Please help me welcome my friend, Jordyn Redwood, to Suspense Novelist. She is an amazingly talented author and is one of those writers who can set their ego aside to listen to what a qualified editor suggests. I have no problems whatsoever in recommending her first book, Proof, for your entertainment.
Jordyn and I have hung out at a local Citizen's Police Academy as well as a lecture series on sexual homicide. We're not weird, we're writers! She's also my go-to person when I need medical advice for my stories.
Jordyn Redwood is a pediatric ER nurse by day, suspense novelist by night. Her debut medical thriller, Proof, examines the real life possibility of DNA testing setting a guilty criminal free. It has been endorsed by the likes of Lynette Eason, Dr. Harry Kraus, and Rick Acker to name a few. You can find out more about Jordyn by visiting her blog: www.redwoodsmedicaledge.com and website: www.jordynredwood.net.
I know, you may be shocked to learn this from an author, but I only got an e-reader last year. I was first gifted the Kindle by my husband for my birthday but then also bought an Ipad within a few weeks of that gift.
It has changed my reading/buying habits.
I was always a print girl. Peg can relate to this as she just bought these wonderful, cherry bookshelves for her home to hold all of these books (she’s showed you a picture, right?). My wonderful, wood-working husband built me a library to house mine. I couldn’t ever imagine not wanting to just always have books.
Now, as an author, my e-reader ended up teaching me some important authorly lessons that I thought I’d share here.
1. Book covers matter. Whether print or electronic, we do judge a book by its cover. I do think it’s worth the money to hire someone who is well adept at designing a striking cover that translates well digitally. It still is what I evaluate first—do I like the look and feel of the cover.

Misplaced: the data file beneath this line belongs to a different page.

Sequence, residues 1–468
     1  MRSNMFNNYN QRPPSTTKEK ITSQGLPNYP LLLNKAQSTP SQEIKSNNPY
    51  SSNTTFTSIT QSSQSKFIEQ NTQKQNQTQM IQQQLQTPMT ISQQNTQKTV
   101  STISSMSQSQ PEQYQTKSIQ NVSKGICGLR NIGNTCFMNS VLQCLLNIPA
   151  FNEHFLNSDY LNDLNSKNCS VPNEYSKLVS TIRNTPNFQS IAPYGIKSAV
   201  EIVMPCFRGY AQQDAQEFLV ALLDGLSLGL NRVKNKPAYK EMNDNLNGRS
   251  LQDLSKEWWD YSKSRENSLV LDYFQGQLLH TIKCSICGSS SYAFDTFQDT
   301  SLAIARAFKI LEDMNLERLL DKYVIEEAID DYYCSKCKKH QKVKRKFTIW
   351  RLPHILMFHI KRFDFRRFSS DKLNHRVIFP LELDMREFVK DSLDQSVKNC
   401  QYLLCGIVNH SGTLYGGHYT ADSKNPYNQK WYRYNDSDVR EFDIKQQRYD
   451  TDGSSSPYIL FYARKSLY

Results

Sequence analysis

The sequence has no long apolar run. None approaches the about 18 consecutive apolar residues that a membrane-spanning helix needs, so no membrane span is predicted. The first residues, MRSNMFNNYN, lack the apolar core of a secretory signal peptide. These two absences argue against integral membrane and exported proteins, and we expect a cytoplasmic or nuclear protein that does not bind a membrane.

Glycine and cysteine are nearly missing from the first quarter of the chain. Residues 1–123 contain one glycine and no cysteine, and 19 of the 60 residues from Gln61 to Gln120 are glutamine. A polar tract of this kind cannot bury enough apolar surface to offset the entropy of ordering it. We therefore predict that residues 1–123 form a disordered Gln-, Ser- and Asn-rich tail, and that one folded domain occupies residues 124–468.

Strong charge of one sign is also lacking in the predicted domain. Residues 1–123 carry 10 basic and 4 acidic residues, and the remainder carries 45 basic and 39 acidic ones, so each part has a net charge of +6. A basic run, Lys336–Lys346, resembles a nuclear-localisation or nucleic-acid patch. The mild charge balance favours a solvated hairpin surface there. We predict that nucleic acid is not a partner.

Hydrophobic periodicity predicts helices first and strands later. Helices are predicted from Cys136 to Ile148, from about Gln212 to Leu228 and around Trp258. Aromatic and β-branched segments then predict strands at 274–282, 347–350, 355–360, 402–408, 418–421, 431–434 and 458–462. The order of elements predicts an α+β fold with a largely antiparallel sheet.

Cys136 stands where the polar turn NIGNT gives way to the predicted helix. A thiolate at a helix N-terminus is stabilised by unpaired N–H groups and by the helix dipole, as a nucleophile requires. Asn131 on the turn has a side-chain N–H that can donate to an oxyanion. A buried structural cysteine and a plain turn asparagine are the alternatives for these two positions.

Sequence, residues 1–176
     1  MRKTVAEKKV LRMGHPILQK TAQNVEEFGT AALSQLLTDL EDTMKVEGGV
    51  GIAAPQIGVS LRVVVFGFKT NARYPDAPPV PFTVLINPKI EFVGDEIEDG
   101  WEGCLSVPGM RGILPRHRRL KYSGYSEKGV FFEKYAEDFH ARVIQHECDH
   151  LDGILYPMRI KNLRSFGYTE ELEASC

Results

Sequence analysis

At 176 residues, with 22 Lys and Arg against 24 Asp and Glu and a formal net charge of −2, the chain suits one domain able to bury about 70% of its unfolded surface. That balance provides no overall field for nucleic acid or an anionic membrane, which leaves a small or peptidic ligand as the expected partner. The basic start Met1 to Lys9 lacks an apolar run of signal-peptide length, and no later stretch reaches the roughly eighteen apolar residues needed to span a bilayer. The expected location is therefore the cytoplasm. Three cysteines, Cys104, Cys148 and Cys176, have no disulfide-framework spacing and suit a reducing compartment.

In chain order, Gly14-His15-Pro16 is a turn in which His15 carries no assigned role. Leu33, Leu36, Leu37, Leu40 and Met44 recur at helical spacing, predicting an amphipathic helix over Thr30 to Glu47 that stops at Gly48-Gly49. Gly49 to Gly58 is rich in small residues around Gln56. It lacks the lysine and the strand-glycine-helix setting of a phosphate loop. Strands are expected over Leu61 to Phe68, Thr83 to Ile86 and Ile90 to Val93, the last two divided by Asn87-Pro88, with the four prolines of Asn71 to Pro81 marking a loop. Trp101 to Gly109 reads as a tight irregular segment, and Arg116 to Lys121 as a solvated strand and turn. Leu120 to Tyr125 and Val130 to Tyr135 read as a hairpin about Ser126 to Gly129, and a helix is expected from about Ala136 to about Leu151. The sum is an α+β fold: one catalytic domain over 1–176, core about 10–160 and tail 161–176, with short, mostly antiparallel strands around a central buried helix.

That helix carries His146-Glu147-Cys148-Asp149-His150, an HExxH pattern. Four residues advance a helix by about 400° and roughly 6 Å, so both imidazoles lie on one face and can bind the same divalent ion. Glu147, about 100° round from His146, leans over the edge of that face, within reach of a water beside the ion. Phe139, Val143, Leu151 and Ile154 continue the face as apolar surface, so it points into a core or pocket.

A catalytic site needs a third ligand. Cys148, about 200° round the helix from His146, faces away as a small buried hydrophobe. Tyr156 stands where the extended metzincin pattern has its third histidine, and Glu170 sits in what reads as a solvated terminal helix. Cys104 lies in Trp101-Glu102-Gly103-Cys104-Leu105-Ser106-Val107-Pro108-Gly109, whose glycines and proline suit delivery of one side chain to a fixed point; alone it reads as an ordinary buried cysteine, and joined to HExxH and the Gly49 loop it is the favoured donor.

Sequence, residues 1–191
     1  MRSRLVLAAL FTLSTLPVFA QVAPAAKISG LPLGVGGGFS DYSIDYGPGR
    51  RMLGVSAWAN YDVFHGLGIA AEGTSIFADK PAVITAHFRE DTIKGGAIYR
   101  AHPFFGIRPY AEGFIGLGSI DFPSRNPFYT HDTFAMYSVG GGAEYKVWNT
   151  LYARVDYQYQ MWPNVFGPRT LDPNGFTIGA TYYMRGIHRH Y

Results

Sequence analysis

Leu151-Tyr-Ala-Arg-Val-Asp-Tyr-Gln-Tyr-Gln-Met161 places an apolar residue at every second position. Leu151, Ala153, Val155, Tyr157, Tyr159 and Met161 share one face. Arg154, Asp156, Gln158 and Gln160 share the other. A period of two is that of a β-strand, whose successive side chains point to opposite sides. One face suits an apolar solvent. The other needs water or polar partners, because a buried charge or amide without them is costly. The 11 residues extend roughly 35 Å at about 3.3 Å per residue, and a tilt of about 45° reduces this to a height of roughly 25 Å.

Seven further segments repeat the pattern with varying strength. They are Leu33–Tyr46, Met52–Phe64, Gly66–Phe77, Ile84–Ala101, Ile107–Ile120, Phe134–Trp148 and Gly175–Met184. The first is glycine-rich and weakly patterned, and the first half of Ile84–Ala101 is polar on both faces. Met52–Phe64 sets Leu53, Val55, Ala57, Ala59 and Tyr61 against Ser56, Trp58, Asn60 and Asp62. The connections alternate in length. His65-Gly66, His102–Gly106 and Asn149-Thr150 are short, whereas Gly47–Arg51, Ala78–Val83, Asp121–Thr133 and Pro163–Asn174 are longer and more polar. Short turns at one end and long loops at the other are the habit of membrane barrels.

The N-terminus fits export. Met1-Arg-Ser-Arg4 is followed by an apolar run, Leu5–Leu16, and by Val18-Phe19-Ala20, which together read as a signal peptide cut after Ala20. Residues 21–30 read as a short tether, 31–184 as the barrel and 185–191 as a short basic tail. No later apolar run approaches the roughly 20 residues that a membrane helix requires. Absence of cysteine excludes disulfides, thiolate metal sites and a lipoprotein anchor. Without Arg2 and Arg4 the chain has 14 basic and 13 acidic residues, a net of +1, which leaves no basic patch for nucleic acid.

2. Free downloads work: Free downloads offered via the Amazon program (and others) have replaced some of my library perusing. There was one series I had started reading via the library and was able to get the first two. The last two, however, were not in the system. Knowing I would want to read them, but wouldn’t want to go back and buy physical copies of the first two so I could have the complete series on my library shelves, I downloaded the remainder as e-books. If I like an author’s free download, I am more apt to buy their backlist and look for their upcoming releases.
3. Reviews matter: I’ve discovered I am an analyzer of book reviews. And not content, but quantity and distribution. If I’m risking a download (free or otherwise), after the book cover, I look at how many reviews the novel has gotten. If the number is less than 10, I probably won’t risk it yet. If it’s a higher number, I look for distribution in all number groups. After all, out of fifty reviews, they are all five star? This is hard for me to believe and I’m just as likely not to download it as those with only a handful. Also, one-star reviews don’t necessarily dissuade me. If the majority are three stars and above—I’ll risk it.
4. I don’t like advertising: This is one reason I don’t read on my actual Kindle. It was the lowest priced one—and the reason for that is the constant advertising. It’s annoying. If you are gifting the reader to another, don’t go with this model.
5. Design matters: Another reason I preferred my Ipad Kindle reader over the actual Kindle is that it was backlit so I could read it at night in bed and not use my flashlight—which is how I was reading before.
I haven’t gone completely digital. I still am a book buying fiend but I am glad that my debut novel will be offered as both print and digital by my publisher so everyone has a chance to read Proof in the way they prefer.
How about you, how has an e-reader changed your reading habits?
Dr. Lilly Reeves is a young, accomplished ER physician with her whole life ahead of her. But that life instantly changes when she becomes the fifth victim of a serial rapist. Believing it's the only way to recover her reputation and secure peace for herself, Lilly sets out to find--and punish--her assailant. Sporting a mysterious tattoo and unusually colored eyes, the rapist should be easy to identify. He even leaves what police would consider solid evidence. But when Lilly believes she has found him, DNA testing clears him as a suspect. How can she prove he is guilty, if science says he is not?
I know for a fact that a lot of you support new authors. You've supported me. Please check out Jordyn's book. You won't be disappointed.
It's all better with friends.